I chose the infamous Boba Fett and re-drew him in an iconic style. It was lots of fun and made us concentrate on the more memorable parts of the character; those that make them instantly recognisable, despite the style. Here is Iconic Boba Fett! :)

 
This one didn't take me an awful lot of time, so I managed to squeeze in an Iconic Wicket too...
 
 
 
Justin then explained how we can gauge a certain character from their shape. We were given an existing character at random and had to decide which shape(s) they were already and then change or exaggerate it to give them a different character. I was given Buttercup, one of the Powerpuff girls. She is mainly a circle, but with a few very subtle triangles, suggesting she is mainly friendly but with maybe an angry streak. I exaggerated these triangles and gave her a slightly different pose to try and make her seem more fierce and deadly!
 

 
 

Life Drawing is back!!

Very excited to be back to life drawing again and with a new model this time!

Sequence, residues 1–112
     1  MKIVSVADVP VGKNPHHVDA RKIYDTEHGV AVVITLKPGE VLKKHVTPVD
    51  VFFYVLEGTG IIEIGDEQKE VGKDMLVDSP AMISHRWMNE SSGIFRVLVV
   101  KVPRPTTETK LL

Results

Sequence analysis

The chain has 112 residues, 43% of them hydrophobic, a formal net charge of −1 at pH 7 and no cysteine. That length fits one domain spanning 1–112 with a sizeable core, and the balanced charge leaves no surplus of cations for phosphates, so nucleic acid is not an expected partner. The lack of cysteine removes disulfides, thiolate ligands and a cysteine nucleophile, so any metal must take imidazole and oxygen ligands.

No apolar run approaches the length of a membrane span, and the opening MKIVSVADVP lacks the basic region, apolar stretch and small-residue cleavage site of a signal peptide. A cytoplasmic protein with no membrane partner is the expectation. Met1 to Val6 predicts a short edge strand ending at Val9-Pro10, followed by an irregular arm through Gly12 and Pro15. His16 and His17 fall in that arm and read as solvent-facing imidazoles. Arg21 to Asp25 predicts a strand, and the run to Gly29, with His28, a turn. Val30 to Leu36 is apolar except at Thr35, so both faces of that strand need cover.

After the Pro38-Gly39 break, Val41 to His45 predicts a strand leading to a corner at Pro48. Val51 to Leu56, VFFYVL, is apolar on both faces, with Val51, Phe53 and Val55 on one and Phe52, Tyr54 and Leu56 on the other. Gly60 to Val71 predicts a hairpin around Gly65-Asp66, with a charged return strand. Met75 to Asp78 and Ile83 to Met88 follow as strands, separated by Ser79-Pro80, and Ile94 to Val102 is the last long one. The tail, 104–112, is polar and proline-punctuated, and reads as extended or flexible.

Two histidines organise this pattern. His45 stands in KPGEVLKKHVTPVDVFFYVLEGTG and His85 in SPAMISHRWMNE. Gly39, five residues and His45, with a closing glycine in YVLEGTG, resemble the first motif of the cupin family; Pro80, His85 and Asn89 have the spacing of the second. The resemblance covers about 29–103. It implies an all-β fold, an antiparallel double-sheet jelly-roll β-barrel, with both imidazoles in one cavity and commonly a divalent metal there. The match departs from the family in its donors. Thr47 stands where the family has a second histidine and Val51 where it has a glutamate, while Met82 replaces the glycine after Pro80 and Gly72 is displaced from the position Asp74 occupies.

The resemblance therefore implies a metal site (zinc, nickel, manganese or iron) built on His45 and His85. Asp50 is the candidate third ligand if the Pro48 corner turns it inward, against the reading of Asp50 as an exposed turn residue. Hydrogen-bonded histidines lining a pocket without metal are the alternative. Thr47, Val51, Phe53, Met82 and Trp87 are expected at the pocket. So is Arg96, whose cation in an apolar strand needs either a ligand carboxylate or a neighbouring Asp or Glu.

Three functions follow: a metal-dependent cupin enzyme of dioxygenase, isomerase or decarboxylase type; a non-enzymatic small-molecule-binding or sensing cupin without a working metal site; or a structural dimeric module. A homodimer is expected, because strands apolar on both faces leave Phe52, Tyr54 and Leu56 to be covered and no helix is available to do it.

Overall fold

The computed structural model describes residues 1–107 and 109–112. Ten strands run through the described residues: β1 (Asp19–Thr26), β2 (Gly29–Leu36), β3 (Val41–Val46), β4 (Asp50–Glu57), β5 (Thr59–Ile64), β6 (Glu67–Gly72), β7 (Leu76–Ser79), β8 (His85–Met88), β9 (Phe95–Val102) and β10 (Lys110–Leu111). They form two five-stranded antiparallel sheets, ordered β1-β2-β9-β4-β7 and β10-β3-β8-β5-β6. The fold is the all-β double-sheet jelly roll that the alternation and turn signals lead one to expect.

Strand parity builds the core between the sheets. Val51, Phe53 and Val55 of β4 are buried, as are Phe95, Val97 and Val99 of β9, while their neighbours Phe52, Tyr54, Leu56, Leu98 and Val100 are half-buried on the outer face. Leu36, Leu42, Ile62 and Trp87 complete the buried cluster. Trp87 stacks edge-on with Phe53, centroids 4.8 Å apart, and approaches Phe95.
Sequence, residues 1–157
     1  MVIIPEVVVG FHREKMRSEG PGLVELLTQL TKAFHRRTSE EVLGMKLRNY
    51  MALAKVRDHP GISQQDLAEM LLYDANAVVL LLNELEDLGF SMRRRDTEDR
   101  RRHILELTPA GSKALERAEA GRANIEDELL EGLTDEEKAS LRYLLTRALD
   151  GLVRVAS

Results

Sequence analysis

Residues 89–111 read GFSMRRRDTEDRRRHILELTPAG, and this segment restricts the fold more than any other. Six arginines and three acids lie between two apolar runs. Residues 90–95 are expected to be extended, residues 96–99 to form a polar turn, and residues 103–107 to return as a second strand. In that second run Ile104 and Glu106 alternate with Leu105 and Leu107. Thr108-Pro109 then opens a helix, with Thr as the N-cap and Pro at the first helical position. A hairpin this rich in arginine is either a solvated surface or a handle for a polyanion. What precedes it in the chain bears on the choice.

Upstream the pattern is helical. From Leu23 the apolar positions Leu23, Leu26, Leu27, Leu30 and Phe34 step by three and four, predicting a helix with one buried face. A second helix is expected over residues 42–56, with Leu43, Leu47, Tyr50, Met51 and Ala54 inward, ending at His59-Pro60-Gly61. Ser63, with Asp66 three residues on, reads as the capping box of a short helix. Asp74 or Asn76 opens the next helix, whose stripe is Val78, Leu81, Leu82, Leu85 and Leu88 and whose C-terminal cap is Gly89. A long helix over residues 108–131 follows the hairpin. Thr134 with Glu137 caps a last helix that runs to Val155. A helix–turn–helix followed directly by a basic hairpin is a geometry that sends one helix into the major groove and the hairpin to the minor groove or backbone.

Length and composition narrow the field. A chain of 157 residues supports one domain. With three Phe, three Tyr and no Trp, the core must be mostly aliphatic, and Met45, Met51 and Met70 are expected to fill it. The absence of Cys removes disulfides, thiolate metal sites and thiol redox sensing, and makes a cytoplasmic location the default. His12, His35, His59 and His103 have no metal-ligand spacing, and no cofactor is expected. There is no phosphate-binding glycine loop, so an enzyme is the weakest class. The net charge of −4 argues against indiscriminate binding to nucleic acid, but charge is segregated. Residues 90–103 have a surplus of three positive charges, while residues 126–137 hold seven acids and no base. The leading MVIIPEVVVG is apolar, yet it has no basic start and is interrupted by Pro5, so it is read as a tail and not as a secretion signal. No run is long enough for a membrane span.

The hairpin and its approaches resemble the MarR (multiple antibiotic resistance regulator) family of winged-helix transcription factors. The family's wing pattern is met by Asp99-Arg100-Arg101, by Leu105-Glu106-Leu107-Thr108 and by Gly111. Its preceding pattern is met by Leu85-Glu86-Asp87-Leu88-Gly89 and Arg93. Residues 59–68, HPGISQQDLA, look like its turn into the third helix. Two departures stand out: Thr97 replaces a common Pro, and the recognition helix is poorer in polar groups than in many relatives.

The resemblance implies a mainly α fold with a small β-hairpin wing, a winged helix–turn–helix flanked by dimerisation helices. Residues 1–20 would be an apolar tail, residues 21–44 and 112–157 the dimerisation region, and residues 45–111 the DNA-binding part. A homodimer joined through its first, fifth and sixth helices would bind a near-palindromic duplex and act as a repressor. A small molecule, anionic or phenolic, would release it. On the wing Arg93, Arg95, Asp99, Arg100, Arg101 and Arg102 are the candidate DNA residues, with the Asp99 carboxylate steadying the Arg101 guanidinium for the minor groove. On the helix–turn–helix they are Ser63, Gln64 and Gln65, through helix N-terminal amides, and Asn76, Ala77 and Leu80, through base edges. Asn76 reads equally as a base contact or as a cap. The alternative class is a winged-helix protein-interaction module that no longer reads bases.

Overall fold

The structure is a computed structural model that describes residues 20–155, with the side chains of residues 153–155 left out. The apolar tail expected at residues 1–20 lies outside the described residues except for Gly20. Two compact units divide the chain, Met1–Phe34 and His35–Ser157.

First set - 10 minutes poses (with a 9B graphite pencil)


Quick 1 min, 3 min or 5 min charcoal sketches

30 min pose with graphite pencil, charcoal, coloured pencil and Sharpie pen! :)

Monday, 5 January 2015

Maya tutorial - Using motion paths

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Another little animation making the rocket follow a motion path. Love it! :)

Maya tutorial: Car Animation Rig

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In Simon's lesson today we tried out some basic animation using the car model in the tutorial. Much fun!

Sunday, 4 January 2015

Maya Tutorials - Depth of Field


 Didn't get to complete this in one sitting, so this is as far as I got...


Photoshop version

After Effects version
 
 
Now to see to the crying baby...

Maya Tutorials: Render Layers

Enjoying doing these render layers, but would like to practise more. I followed the tutorial easily but feel like I want to have another go at it to really pay attention to what the changes were. At the moment with a lot of the Maya tutorials, I'm concentrating more on HOW to do things and not always WHY we do them. Something to work on next term. :)

Maya, then Photoshop - with Beauty Pass on
 
Maya, then Photoshop - no Beauty Pass
 
Maya, then After Effects